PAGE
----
Do not set foot on the path of the wicked or walk in the way of evildoers. Avoid it, do not travel on it; turn from it and go on your way. For they cannot rest until they do evil; they are robbed of sleep till they make someone stumble. [Proverbs 4:14-16 (NIV)]
Peer pressure—as youngsters we succumbed to it because we wanted friends. When trying to explain why we couldn’t stay out past curfew, go to an unchaperoned party or date while still in junior high, our parents would say something like, “If your friends jumped off a cliff (or ran through traffic), would you do it too?” If you were like me, you relentlessly assured them that all of your friends were doing whatever it was and that all of their parents allowed them to do it. They probably responded with a serious warning about the dangers of peer pressure and dubious friends.
Unfortunately, it’s usually easier to recognize bad friends in hindsight than when they’re right in front of us. A perfect example of an unwise friendship is that between David’s firstborn son and heir to the throne, Amnon, and his cousin Jonadab. Described in various Bible translations as very clever, crafty, shrewd, wise (as in “wiseguy”), or cunning, Jonadab was precisely the kind of friend our parents warned us against—the inciter, the one who always seems to be around trouble but doesn’t get caught. In this case, Amnon had a serious case of lust for his half-sister Tamar. Although sex between them was strictly forbidden, Jonadab provided Amnon with a scheme that would allow him to have his way with the young virgin. Amnon followed the plan and violently raped his sister. When King David did nothing to right this wrong, Tamar’s brother Absalom took revenge and killed the rapist. Like a bad penny, it was Jonadab that turned up at David’s side to tell him the news. It was Amnon’s unwise friendship with Jonadab that started the ball rolling for the downfall of David’s kingdom.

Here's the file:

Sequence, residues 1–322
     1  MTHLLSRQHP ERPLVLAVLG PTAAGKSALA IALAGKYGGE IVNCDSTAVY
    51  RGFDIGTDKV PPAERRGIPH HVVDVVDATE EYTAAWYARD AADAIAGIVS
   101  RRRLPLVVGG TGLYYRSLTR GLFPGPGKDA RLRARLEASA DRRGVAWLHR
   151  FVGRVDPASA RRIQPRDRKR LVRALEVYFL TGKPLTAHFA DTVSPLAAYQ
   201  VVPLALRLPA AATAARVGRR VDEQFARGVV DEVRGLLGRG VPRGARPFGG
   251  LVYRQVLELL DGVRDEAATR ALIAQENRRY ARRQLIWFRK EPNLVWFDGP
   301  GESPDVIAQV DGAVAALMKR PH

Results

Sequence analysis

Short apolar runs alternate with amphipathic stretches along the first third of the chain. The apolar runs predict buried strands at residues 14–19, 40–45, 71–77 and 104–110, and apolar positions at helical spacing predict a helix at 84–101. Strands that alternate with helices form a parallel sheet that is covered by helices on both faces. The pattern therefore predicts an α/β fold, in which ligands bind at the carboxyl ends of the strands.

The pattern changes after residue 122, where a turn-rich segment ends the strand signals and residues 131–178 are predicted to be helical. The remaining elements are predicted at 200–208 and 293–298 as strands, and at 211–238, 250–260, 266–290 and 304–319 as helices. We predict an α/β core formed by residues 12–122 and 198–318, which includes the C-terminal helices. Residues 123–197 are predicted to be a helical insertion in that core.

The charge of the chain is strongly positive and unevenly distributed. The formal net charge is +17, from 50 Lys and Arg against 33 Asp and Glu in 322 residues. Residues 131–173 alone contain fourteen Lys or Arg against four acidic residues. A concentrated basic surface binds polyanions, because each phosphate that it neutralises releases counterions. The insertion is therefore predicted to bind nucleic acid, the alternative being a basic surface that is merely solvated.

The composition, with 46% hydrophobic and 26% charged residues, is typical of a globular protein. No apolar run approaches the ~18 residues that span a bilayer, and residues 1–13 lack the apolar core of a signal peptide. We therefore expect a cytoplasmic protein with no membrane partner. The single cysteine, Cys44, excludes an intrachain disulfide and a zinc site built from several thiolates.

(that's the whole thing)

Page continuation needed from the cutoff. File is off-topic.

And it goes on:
While our friends probably won’t help us plot a rape, they can subtly affect our behavior in a negative way. Remembering some of the conversations I’ve overheard at the gym and around the bridge table, it’s clear that mean girl comments are not limited to junior high and mean girls can turn into mean women. It’s easy to be drawn into their conversations and cattiness and get led astray. Wanting to be one of the group is not limited to teens. Even adults want to feel part of a community of friends. We must be discerning, however, when it comes to choosing those friends. Our spiritual lives require friends whose faith will bring us closer to God, not those who will pull us away. We may be adults, but we can still succumb to the influence of other people and peer pressure. We need to “fool-proof” our lives and pick our associates wisely.